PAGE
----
Friday, December 10, 2010

Literary criticism – a background

Criticism, Literary, discussion of literature, including description, analysis, interpretation, and evaluation of literary works. Like literature, criticism is hard to define. One of the critic’s tasks is to challenge definitions of literature and criticism that seem too general, too narrow, or unworkable for any other reason. Whatever it is, literary criticism deals with different dimensions of literature as a collection of texts through which authors evoke more or less fictitious worlds for the imagination of readers.

We can look at any work of literature by paying special attention to one of several aspects: its language and structure; its intended purpose; the information and worldview it conveys; or its effect on an audience. Most good critics steer clear of exclusive interest in a single element. In studying a text’s formal characteristics, for example, critics usually recognize the variability of performances of dramatic works and the variability of readers’ mental interpretations of texts. In studying an author’s purpose, critics acknowledge that forces beyond a writer’s conscious intentions can affect what the writer actually communicates. In studying what a literary work is about, critics often explore the complex relationship between truth and fiction in various types of storytelling. In studying literature’s impact on its audience, critics have been increasingly aware of how cultural expectations shape experience.

Because works of literature can be studied long after their first publication, awareness of historical and theoretical context contributes to our understanding, appreciation, and enjoyment of them. Historical research relates a work to the life and times of its author. Attention to the nature, functions, and categories of literature provides a theoretical framework joining a past text to the experience of present readers. The tradition of literary criticism surveyed here combines observations by creative writers, philosophers, and, more recently, trained specialists in literary, historical, and cultural studies.


 The Western tradition’s earliest extended instance of literary criticism occurs in The Frogs (405 bc), a comedy by Athenian playwright Aristophanes that pokes fun at the contrasting styles of Greek dramatists Aeschylus and Euripides. In the play the two dead masters of Greek tragedy compete for supremacy in Hades (the underworld), debating a fundamental dilemma of all subsequent criticism: Is the writer’s first commitment to uphold and promote morality or to represent reality? Is the task of drama and other forms of literature primarily to improve or primarily to inform the audience?

Greek philosopher Plato found virtually all creative writers deficient on both counts in his dialogue The Republic (about 380 bc). Plato felt that stories about misbehaving gods and death-fearing heroes were apt to steer immature people toward frivolous and unpatriotic conduct. Besides, he argued, poetry tended to arouse the emotions rather than promote such virtues as temperance and endurance. But even at their moral best, Plato viewed writers—like painters and sculptors—as mere imitators of actual human beings, who are themselves very imperfect “copies”or imitations of the eternal idea of Human Being in the divine mind.

Greek philosopher Aristotle produced a strong philosophical defense against such criticism. His Poetics (about 330 bc) presents artistic representation (mimesis) not as mere copying but as creative re-presentation with universal significance. For example, the epic poet and the playwright evoke human beings in action without having to report actual events. Because the poetic approach to human action is more philosophical in nature than a purely historical approach, literature can show the most probable action of a person of a specific type, rather than what an actual person said or did on a particular occasion. Even the portrayal of great suffering and death may thus give pleasure to an audience—the pleasure of learning something essential about reality.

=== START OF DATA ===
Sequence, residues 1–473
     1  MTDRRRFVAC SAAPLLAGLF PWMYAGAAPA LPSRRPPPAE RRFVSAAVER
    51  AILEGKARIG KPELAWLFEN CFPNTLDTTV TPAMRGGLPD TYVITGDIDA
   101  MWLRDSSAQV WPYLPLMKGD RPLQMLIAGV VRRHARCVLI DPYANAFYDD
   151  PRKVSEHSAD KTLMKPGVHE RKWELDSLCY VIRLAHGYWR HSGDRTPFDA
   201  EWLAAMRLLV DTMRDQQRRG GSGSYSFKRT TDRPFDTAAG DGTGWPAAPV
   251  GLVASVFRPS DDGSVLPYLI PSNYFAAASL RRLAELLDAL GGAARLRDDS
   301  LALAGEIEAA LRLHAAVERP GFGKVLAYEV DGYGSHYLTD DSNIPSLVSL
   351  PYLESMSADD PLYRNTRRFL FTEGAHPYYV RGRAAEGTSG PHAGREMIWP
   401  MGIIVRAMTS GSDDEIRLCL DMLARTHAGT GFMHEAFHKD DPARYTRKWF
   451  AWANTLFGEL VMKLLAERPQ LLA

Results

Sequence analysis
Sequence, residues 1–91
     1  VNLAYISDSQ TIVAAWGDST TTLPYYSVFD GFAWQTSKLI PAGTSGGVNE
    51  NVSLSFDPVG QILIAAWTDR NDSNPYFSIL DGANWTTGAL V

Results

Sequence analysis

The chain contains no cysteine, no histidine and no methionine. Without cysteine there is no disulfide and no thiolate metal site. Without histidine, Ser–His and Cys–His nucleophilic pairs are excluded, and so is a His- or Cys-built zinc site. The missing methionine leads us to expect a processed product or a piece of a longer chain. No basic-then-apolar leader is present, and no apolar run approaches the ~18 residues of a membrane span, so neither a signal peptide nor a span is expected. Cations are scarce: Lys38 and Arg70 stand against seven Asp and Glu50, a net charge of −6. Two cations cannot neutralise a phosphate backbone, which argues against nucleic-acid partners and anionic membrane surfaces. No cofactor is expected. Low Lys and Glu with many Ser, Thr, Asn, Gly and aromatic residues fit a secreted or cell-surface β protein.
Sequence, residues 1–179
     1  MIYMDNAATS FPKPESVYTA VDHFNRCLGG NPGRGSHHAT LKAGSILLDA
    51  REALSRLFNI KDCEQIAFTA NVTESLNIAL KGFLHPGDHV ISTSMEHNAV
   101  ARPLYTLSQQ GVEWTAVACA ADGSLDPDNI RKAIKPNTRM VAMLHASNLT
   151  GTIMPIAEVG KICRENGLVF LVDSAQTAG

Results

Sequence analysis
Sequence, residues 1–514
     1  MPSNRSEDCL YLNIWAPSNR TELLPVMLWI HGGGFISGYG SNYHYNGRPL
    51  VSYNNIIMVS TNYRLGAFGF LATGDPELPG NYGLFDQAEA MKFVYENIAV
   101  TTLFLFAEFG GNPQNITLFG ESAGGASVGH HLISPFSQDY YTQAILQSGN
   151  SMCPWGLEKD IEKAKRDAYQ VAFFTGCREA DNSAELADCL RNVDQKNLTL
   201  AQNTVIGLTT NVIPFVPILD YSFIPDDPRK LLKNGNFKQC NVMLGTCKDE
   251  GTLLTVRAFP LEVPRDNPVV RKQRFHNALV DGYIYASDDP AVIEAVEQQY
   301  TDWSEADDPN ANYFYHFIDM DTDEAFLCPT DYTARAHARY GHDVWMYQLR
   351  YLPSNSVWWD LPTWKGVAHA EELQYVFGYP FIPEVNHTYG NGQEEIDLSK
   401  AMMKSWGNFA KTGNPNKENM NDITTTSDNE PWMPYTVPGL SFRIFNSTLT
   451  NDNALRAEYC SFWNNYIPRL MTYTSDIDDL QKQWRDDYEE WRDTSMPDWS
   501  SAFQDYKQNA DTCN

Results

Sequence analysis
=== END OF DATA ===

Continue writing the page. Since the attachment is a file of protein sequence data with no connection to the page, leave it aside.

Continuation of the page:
Aristotle justified the poetic arousal of passions by borrowing the concept of catharsis (purification through purging) from contemporary medicine. He suggested that tragedy cures us of the harmful effects of excessive pity, fear, and similar emotions by first inducing such emotions in us, and then pleasurably purging them in the controlled therapeutic setting of theatrical experience. The precise meaning of Aristotle’s concept of catharsis has been debated for many centuries, but most critics of literature and of other arts, such as opera and cinema, find useful his isolation and analysis of six interacting aspects of performed drama: plot, character, thought or theme, diction, music, and spectacle.

Roman poet Horace offered practical advice in Ars Poetica (The Art of Poetry, about 20 bc), a witty letter written in verse to two aspiring authors. His most influential suggestion was to combine the useful (utile) and the sweet (dulce) so as to satisfy a varied audience. Some readers seek benefit, others seek pleasure, he explained, but both kinds of readers will purchase writings that instruct and delight at the same time.

A weightier treatment of poetry appears in a 1st-century ad treatise, On the Sublime, long attributed to a 3rd-century philosopher named Longinus. The unknown author of this Greek text cites passages from Greek poets Homer and Sappho—as well as from orators, historians, philosophers, and the first chapter of Genesis—to prove the superiority of discourse that does not merely persuade or gratify its audience but also transports it into a state of enthusiastic ecstasy. The author analyzes the rhetorical devices needed to achieve sublime effects but insists that ultimately, “sublimity is the echo of a great soul.”